Chip shortage drives car price increase

If you’ve been shopping for a new or used car in the Hudson Valley recently, you may have noticed a diminished selection and higher prices. The reason is a global shortage of semiconductor chips, an important part in a modern car. The overseas factories that make them switched over to consumer electronics when new car purchases dried up at the beginning of the Covid-19 pandemic. But demand recovered faster than chip manufacturers could keep up with and, as a result, the supply of new cars is limited. This, in turn, has pushed up the cost of the average used car by $5,000 over this time last year ($20,942 to $25,410) according to

“Sooner or later the used-car markets will have a shortage as well,” said Bob Siracusano, owner of Sawyer Motors in Saugerties. “Sometimes we have to go to an auction. There’s normally 1000 cars to pick from. Now there’s only 150.”

Sawyer Motors typically carries 200 new cars; now it has around 10. So in an effort to keep business flowing, they’ve done more presales than ever before. “When a customer comes in, we tell them what we have coming [and] what colors, and [then] they pick out a color as soon as that car comes in,” said Siracusano. “So if we have 50 cars coming in next month, I bet 30 were already sold.”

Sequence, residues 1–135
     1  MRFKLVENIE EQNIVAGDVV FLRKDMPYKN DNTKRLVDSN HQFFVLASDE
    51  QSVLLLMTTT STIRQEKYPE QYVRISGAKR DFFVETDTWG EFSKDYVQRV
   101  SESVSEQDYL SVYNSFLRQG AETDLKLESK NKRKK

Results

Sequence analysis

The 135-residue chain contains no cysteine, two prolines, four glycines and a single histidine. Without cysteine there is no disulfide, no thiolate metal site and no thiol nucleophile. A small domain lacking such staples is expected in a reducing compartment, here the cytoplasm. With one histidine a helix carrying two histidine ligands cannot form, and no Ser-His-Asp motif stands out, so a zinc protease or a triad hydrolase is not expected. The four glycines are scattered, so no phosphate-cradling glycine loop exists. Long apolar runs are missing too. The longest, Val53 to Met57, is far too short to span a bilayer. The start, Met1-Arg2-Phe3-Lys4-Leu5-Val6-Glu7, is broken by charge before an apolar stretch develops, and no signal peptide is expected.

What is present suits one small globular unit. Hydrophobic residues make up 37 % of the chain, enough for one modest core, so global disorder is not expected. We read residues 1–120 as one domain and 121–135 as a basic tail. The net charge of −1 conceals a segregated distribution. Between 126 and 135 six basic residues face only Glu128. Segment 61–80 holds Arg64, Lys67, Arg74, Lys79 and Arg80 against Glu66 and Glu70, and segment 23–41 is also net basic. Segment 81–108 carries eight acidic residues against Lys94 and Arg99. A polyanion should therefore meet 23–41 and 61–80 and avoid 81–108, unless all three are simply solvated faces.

On the plus side, Siracusano said some banks and leasing companies have made an effort to help by extending leases a few months longer to prevent even more new-car consumers.

He said car makers will be ready when the production of chips ramps up.

“Ford and [I believe] Chrysler are just starting to stockpile some vehicles that are waiting for chips,” said Siracusano.

But so far, there’s no indication of when the global chip shortage will end. As a result, car manufacturers, including Ford, Toyota, and Nissan, have announced they’ll reduce production of new vehicles this year, keeping supply lower than normal well into 2022.